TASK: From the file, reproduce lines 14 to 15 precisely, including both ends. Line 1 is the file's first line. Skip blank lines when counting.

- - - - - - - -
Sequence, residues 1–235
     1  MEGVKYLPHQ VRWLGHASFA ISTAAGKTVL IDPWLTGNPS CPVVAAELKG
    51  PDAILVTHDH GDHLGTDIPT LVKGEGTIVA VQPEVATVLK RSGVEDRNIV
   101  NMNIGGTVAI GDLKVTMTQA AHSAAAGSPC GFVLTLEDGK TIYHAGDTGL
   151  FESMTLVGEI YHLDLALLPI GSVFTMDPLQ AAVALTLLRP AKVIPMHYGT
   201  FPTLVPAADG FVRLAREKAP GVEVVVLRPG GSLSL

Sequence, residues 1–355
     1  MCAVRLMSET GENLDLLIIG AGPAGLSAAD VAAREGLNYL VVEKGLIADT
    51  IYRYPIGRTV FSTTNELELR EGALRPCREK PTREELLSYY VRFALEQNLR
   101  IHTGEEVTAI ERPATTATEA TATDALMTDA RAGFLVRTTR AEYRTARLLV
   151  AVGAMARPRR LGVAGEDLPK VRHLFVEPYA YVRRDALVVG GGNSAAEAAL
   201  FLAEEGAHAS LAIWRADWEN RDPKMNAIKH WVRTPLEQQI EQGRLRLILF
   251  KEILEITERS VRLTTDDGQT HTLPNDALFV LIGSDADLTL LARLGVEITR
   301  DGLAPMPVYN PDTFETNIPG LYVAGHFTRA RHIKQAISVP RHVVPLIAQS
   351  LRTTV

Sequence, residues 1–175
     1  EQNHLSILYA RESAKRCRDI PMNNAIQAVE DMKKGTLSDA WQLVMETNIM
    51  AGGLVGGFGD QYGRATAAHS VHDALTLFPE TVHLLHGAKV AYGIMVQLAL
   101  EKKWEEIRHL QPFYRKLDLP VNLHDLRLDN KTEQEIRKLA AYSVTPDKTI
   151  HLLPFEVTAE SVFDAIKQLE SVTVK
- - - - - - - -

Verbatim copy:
   301  DGLAPMPVYN PDTFETNIPG LYVAGHFTRA RHIKQAISVP RHVVPLIAQS
   351  LRTTV